If a post is an excepted post, the applicant should reveal certain types of spent convictions or spent cautions if asked about them. A caution includes conditional cautions, reprimands or final warnings.
The list of exempt posts – i.e. posts for which an applicant may have to take spent convictions into account – broadly covers:
Applicants for these types of jobs must reveal all spent convictions, unless all of the following statements are true:
Applicants for these types of jobs must reveal all spent cautions, unless all of the following statements are true:
Even for most excepted posts, the DBS will filter out from checks spent convictions and spent cautions for less serious offences. Accordingly, applicants will not have to disclose these. Spent convictions and spent cautions for more serious offences (known as 'listed' offences) are still disclosed. See thefor more information.
However, the English courts have ruled that the current legislation is unlawful because it sometimes makes it unfairly difficult for individuals to get jobs.
A disclosure certificate from AccessNI will not contain certain convictions and cautions for minor or old offences. Seefor more information.
However, for most roles an employer should apply judgment in deciding how relevant an offence is to the role in question. It's recommended that you don't have a blanket ban on employing ex-offenders and instead carry out an assessment of the relevance to the position.
A higher-level disclosure certificate from Disclosure Scotland will not contain certain convictions for minor or old offences if a spent conviction appears on the list ofand is a 'protected conviction'. See for more information.
Official criminal-record checks should be considered if the applicant is applying for an excepted post or if they will be working with children and/or vulnerable adults. It should be obtained with the knowledge and consent of the applicant. The methods of obtaining a criminal record check and the type of information available vary slightly between England & Wales, Scotland and Northern Ireland.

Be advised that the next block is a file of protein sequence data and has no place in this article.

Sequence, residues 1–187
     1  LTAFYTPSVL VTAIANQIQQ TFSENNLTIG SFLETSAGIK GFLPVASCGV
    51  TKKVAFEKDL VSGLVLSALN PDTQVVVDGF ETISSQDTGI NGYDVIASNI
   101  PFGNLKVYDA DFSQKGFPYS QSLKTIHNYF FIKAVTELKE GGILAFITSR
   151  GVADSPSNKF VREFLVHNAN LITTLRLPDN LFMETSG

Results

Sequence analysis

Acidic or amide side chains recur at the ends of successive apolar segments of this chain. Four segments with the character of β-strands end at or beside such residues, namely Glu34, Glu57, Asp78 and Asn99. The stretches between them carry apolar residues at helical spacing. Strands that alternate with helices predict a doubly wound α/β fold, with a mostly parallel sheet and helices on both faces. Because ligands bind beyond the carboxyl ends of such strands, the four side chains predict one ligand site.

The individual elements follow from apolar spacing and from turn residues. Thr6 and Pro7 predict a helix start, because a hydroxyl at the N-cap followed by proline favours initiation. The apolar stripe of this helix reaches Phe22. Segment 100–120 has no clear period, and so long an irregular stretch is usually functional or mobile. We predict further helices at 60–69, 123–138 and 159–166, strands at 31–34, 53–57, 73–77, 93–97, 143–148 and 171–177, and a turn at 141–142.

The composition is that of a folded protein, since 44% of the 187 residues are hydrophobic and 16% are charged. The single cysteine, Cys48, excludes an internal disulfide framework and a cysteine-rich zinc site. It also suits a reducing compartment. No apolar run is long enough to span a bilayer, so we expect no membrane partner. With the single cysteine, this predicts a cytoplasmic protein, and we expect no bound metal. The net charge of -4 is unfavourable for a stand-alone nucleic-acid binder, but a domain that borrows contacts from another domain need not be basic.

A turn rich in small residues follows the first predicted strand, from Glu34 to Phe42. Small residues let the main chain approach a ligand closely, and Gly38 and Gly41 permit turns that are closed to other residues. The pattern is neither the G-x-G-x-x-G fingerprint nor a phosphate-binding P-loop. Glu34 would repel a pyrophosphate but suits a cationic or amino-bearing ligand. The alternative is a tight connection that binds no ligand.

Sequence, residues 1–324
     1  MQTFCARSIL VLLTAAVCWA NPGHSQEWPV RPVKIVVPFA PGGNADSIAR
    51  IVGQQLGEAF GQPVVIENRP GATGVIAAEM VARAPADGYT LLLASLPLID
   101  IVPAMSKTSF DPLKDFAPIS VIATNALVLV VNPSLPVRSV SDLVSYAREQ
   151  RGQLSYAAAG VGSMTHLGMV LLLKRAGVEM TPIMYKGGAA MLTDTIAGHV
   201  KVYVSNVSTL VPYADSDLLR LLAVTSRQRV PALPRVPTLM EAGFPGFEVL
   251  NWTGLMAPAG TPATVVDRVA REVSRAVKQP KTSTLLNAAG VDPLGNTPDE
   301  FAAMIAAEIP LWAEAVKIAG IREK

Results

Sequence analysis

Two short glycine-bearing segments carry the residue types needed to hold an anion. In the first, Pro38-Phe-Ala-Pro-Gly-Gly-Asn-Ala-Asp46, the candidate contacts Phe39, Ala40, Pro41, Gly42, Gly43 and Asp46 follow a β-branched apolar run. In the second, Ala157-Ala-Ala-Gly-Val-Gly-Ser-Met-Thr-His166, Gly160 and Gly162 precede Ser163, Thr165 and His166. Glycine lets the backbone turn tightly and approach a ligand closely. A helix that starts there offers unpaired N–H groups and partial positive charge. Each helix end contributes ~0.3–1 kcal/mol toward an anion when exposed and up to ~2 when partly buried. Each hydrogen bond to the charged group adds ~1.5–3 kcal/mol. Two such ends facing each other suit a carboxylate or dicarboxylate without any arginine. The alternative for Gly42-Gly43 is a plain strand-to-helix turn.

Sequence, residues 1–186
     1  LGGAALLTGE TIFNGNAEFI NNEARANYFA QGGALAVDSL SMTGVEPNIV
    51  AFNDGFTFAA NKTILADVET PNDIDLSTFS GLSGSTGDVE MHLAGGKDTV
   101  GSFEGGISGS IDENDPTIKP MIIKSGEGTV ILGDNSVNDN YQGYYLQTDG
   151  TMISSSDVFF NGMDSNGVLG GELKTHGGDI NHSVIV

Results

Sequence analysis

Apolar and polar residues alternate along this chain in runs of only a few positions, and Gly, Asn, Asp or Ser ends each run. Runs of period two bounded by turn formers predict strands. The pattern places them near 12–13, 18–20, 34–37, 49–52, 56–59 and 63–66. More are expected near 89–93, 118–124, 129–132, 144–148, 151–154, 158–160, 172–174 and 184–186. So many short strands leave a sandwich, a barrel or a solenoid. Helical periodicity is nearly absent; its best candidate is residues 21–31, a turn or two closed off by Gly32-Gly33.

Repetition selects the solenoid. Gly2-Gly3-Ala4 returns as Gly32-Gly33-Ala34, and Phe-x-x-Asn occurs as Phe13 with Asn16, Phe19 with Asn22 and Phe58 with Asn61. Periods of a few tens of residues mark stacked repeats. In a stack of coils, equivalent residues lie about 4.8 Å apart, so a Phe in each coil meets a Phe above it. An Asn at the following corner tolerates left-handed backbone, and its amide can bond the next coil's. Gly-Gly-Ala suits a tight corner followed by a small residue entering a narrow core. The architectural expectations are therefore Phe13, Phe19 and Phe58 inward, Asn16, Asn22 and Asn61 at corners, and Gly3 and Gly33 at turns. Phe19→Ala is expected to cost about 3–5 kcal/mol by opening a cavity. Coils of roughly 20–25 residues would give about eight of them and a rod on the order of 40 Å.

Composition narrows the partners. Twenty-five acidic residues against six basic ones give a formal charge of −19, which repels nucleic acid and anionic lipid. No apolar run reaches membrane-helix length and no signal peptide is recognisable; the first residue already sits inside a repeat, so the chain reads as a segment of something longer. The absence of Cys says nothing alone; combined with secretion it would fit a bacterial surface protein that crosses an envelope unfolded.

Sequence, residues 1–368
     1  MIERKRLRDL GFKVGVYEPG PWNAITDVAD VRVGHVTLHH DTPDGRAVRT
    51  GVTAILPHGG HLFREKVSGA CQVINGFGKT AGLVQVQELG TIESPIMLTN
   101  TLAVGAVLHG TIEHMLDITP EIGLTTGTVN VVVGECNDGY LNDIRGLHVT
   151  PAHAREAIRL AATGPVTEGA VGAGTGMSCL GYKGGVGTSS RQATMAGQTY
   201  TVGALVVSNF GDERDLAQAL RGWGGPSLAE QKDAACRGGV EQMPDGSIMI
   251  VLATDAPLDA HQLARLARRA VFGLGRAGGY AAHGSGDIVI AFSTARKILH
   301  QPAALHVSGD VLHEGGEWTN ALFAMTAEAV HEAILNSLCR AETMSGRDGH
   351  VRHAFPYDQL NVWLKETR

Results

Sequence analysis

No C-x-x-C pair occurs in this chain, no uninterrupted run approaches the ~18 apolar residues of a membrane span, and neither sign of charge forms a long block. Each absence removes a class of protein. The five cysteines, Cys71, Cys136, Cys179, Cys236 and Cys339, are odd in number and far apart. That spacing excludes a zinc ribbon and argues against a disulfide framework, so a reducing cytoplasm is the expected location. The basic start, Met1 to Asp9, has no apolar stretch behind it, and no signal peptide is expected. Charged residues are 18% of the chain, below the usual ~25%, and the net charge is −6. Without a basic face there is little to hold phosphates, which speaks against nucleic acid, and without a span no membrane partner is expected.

There are 4 different types of checks (disclosures) that can be undertaken:
Criminal record checks for England and Wales are undertaken by theor 'DBS'. Generally, an employer is unable to get a disclosure from the DBS. However, both of the 'enhanced' DBS disclosures are available for employers employing staff who work with vulnerable people (e.g. children and the elderly) or for posts that are exempt from the Rehabilitation of Offenders Act 1974.
In Scotland criminal record checks need to be carried out through. Applications can be made for basic, standard and enhanced disclosure. However, the law in Scotland is also being reconsidered.
In Northern Ireland criminal record checks need to be carried out through. Applications can be made for basic, standard and enhanced disclosure.
Employers have a legal requirement to perform additional checks if the job involves working with children or vulnerable adults. The law requires that if the role involves working with children or vulnerable adults in a, then:
Ideally the enhanced DBS check should be obtained before offering someone the job, otherwise you should make the offer subject to obtaining a satisfactory report.
Scotland has a separate, but aligned scheme, called '. The PVG Scheme only applies to people who work with vulnerable groups and it does not apply to personal arrangements that people make with friends or family, or to work positions where there is no opportunity to cause harm to vulnerable groups. It is run by Disclosure Scotland.